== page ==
Supreme Court hears case challenging mandated union fees for public employees

The U.S. Supreme Court heard oral arguments Monday for a case with big repercussions for public-sector unions and their political influence across the country.

The case at hand is Janus v. American Federation of State, County, and Municipal Employees, a challenge filed by Illinois worker Mark Janus against a state law allowing public sector unions to collect fees from public employees who have chosen not to join a union.

The mandatory union fees are ostensibly intended to help cover the cost of collective bargaining. There are 22 states that allow unions to collect these fees. While the U.S. Supreme Court upheld their legality in the 1977 case Abood v. Detroit Board of Education, opponents argue the so-called “agency fees” infringe on the First Amendment rights of employees who might object to having to subsidize organizations with which they disagree.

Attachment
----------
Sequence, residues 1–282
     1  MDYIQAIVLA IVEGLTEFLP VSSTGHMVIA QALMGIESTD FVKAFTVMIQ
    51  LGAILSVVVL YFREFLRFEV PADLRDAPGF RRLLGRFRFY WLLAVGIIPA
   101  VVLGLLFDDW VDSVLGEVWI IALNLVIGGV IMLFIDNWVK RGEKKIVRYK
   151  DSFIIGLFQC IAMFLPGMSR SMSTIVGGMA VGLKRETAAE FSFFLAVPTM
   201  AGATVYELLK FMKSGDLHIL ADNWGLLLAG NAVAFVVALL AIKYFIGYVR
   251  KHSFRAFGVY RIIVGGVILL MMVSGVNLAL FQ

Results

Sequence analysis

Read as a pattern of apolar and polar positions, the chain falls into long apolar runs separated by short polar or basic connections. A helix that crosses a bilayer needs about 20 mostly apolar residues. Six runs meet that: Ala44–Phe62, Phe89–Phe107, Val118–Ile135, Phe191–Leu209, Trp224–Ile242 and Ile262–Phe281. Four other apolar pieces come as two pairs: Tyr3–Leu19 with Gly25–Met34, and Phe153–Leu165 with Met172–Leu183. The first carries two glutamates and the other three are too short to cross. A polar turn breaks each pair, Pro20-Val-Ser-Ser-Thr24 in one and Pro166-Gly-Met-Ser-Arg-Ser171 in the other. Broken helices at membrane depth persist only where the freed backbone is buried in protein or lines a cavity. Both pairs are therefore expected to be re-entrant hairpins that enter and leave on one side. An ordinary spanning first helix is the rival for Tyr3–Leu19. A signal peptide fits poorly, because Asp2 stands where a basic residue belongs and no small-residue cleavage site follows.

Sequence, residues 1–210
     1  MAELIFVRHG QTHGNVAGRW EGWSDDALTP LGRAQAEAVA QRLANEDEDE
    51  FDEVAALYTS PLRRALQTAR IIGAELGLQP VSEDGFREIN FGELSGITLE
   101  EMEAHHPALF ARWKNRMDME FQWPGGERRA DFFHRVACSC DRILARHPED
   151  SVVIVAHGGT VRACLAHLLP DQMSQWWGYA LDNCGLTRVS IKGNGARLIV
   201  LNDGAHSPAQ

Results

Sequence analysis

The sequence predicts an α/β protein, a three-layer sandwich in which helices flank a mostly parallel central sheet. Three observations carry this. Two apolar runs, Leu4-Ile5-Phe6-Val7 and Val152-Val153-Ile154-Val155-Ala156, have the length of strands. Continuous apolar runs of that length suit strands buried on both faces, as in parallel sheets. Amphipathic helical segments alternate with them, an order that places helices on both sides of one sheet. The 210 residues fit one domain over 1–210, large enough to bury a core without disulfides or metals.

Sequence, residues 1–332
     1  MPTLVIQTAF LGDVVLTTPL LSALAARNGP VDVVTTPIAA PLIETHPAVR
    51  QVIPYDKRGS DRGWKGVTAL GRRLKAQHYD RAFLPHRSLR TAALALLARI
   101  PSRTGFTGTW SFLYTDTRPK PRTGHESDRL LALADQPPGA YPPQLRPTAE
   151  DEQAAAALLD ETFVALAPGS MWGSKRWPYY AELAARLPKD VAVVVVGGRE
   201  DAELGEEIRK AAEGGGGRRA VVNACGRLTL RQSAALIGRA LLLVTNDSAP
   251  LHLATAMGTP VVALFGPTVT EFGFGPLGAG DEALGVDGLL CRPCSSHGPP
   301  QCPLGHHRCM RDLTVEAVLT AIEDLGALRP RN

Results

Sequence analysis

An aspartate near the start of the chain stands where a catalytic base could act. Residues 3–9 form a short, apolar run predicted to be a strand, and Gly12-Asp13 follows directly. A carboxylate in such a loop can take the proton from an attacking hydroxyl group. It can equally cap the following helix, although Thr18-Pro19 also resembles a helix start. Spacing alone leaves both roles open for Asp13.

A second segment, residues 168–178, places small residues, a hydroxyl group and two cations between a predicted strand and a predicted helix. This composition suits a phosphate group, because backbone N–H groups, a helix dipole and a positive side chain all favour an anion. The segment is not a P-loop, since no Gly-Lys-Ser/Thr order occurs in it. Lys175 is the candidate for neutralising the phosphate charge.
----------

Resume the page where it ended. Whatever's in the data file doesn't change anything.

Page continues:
After all, public-sector unions these days not only engage in collective bargaining which, unlike in the private sector, can have significant impact on the taxpaying public, but they also do considerable political lobbying.

The Janus case is appropriately seen as a redo of a similar case just two years ago, Friedrichs v. California Teachers Association. The plaintiff in that case, Orange County teacher Rebecca Friedrichs, objected to many of the stances of the union, which include fervent opposition to school vouchers and strong defenses of teacher-tenure laws that make it difficult to fire bad teachers.

Following the death of Justice Antonin Scalia, the Supreme Court split 4-4 on the case. If he had lived, the expectation was that Scalia would have cast the deciding vote in favor of Friedrichs and in favor of the First Amendment rights of public employees.

Now, with Janus and with the appointment of Neil Gorsuch to the court, proponents of overturning mandatory union fees get another shot. Janus, a bookkeeper at the Illinois Department of Public Health, has made clear that he opposes funding a union, the AFSCME, which pushes for higher public-sector pay and public-sector pensions that have had negative impacts on the state budget.

Categories: Good Morning San Diego, Politics